Israel and U.S. at odds over timetables and red lines for Iran
Although the U.S. has put pressure on Iran with more aggressive statements, an initiative to increase international sanctions and a clash over Iran's threat to close the Strait of Hormuz, Jerusalem is not satisfied.
The two meetings this week between the chairman of the U.S. Joint Chiefs of Staff Gen. Martin Dempsey and Israel Defense Forces Chief of Staff Lt. Gen. Benny Gantz have been scheduled for some time. But the immediate context cannot be ignored: growing tension over the Iranian nuclear program and what appears to be renewed (and increased) American concerns that Israel might attack Iran's nuclear sites.
Dempsey and Gantz are expected meet first at mid-week in Brussels during the annual conference of NATO chiefs of staff, an event to which the Israeli chief of staff is always invited. Two days later Dempsey will arrive in Israel.
Although Washington has ratcheted up pressure on Iran of late with a combination of more aggressive statements, an initiative to increase international sanctions and what appears to be an approaching clash over Iran's threat to close the Strait of Hormuz, Jerusalem is not satisfied. Israel is not impressed by Iran's deep economic crisis, which is increasing pressure on the regime as it prepares for parliamentary elections in March.
At the heart of the argument between Jerusalem and Washington are questions about timetables and red lines.
The start of uranium enrichment at the underground site near the city of Qom has raised the level of anxiety in Israel. In an interview with CNN two months ago, Defense Minister Ehud Barak said that less than a year remained to stop Iran's nuclear plans. Barak thus presented Israel's red line: From the moment most of the uranium is being enriched at a protected site, Iran will be in "immune space," and the option of a military attack (at least by Israel) is off the table.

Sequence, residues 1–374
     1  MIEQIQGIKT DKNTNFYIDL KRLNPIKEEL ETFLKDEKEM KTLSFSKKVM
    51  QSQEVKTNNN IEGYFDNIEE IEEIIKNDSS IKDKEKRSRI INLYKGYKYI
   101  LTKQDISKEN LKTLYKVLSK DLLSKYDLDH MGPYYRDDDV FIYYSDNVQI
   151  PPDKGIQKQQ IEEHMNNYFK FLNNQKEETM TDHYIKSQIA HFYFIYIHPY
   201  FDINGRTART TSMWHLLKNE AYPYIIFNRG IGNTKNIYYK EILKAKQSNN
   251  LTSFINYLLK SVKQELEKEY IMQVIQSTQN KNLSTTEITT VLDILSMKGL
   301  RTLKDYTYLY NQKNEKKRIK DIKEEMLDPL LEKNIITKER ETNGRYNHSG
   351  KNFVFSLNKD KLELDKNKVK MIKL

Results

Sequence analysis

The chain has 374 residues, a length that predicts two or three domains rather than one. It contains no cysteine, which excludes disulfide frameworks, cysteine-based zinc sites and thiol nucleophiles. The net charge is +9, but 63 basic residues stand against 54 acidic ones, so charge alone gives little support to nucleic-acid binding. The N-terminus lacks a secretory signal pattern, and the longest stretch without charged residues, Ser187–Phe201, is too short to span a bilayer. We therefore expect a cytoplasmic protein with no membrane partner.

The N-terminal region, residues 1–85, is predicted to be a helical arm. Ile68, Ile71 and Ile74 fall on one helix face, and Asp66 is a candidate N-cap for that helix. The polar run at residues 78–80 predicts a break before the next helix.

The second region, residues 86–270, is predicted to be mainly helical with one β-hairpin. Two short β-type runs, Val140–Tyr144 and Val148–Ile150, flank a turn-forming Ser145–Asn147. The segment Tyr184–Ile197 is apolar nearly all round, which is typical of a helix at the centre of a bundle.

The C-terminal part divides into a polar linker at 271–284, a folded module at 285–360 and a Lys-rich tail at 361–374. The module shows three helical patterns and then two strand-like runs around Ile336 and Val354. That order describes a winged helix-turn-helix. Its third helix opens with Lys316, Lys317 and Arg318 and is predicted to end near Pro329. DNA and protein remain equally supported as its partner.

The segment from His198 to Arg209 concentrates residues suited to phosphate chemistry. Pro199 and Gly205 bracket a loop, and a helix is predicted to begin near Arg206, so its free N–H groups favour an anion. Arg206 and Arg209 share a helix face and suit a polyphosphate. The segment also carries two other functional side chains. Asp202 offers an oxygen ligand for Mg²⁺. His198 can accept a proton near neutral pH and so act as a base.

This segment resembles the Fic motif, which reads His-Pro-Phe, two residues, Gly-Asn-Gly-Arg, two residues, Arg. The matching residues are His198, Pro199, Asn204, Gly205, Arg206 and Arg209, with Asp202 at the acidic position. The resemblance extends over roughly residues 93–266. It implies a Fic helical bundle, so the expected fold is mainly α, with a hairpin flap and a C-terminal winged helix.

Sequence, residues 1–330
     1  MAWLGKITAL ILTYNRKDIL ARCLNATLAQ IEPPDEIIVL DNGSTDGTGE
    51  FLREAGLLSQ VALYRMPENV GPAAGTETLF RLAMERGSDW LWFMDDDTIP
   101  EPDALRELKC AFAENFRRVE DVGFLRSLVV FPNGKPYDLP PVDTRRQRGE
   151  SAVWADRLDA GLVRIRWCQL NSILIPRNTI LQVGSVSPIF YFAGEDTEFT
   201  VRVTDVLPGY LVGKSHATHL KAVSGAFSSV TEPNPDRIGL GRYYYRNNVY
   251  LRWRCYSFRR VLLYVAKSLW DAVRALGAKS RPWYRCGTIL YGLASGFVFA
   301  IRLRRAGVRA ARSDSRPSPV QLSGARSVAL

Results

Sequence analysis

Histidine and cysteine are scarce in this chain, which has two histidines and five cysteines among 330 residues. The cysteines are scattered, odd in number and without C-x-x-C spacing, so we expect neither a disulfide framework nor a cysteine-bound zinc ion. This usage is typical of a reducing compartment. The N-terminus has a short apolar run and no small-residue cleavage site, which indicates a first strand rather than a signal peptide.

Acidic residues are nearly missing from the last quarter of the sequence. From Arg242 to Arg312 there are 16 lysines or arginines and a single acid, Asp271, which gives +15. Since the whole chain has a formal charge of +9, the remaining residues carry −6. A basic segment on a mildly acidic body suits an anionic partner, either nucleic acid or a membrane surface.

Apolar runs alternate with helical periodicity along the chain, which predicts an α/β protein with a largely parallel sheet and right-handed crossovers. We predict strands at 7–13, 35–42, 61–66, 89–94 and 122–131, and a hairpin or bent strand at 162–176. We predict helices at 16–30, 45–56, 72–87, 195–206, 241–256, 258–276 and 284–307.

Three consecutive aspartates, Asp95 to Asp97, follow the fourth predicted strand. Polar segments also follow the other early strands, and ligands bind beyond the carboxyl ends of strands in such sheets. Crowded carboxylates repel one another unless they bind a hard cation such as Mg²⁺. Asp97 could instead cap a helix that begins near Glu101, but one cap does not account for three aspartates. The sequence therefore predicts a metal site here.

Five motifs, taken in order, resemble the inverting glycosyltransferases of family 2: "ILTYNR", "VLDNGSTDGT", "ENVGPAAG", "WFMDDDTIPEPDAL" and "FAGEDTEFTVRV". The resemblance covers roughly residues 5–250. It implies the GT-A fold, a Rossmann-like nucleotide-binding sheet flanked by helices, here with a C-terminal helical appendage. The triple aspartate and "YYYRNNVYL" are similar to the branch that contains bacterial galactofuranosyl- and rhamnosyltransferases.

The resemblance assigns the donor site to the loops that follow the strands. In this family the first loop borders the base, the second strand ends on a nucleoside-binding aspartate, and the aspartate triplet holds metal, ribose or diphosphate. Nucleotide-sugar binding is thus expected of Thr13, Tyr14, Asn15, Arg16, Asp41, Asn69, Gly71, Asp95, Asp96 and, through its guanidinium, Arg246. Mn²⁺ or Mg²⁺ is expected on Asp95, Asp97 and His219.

The American red line, however, is more distant - at the point were Iran has progressed in the development of a nuclear warhead rather than making do with nuclear capability. That line has not yet been crossed.
Do Barak and Netanyahu really intend to attack on their own, or is Israel only trying to prod the West into more decisive action? That is the million-dollar question.
It has been discussed intermittently for the past three years and it seems that Washington does not have a satisfactory answer to it. What is clear is that speculation about it in the American media - this time, surprisingly, without contributory Israeli chatter - raises the heat in Tehran as well. Apparently the risk of an imminent clash, first of all between American and Iranian ships in the Persian Gulf, is growing.
Hezbollah is contributing to this already tense situation. Over the weekend a Hezbollah terror strike against an Israeli target was averted in Bangkok, Thailand. This is the second such incident, following a warning of an attack by the same group on Israeli tourists in Bulgaria. Hezbollah is serving these days as the long arm of Iran, operated directly by the branch of the Iranian Revolutionary Guards known as Al Quds.
The context is not only the approaching anniversary of the assassination of Imad Mughniyeh, but also the killings of Iranian nuclear scientists in Tehran. Hezbollah Secretary General Hassan Nasrallah pledged yesterday that the killings would not stop the Iranian nuclear project.
Iran and Hezbollah are now also focusing their efforts on saving Syrian President Bashar Assad. Al Quds commander Gen. Kassem Suleimani recently visited Syria to help quash the revolt against the regime. Nasrallah knows that if Damascus falls, the demand to disarm Hezbollah - which he derided yesterday - will come up again more forcefully.
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